Getting out of the "comfort zone" is very important, because the child begins to actively think and find answers to questions, tries to attract all knowledge and skills to achieve a certain goal. Thus, the child develops cognitive and analytical abilities, about how to properly help with tasks, or vice versa, when it is not necessary to do this, so that the child finds a solution, read on SpecialEssays.com.
I had a humbling experience this week while trying to build a “Simple DC Motor”. The goal of the project was to make a loop of wire spin, using a magnet and a battery. It required just a few parts, and could be done in a few steps.
I come to my Maker practice with a background in the arts, not engineering. And being a girl (who didn’t have mechanically inclined parents), no one was going out of their way to show me the basics of this stuff when I was a kid.
Still, I thought, “I can handle this!” Simple!
That go-getter attitude slowly (Who am I kidding? QUICKLY.) wilted over the several hours of tinkering that followed. Everything seemed to be just a little bit off. This project was about precision, which is not my strong point. I kept thinking with a little more tweeking it would work, and my copper wire coil would spin. It would become clear to me what the issues had been, and I would incorporate the motor into a future project, as planned.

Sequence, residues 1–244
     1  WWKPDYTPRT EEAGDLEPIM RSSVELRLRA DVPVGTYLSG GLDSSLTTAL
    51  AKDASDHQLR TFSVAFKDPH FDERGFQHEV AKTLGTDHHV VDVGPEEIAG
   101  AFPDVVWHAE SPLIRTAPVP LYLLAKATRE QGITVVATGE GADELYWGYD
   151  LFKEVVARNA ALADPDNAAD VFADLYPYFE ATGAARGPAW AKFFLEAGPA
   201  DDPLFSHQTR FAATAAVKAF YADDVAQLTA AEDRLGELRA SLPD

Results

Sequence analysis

Well, none of that happened. It never worked. I became frustrated, and my rational, analytical, problem solving brain quickly gave way to my pissed off, irrational, lizard brain. I kept thinking, “But the instructions look so simple, why can’t I do this?!”
After stepping away for a bit, I realized that’s probably exactly how my students often feel, as I’m prodding and encouraging, telling them they are almost there. Just one simple step away from success. It’s easy to forget how frustrating or mystifying a process that you’ve come to know well, can be for others. And while it’s important to encourage and cheerlead, it’s just as important to maintain perspective, and acknowledge how challenging things can be.
So keep putting yourself in uncomfortable situations. Try things out that are new and frustrating, and do it consistently.
Maintain your perspective as a learner.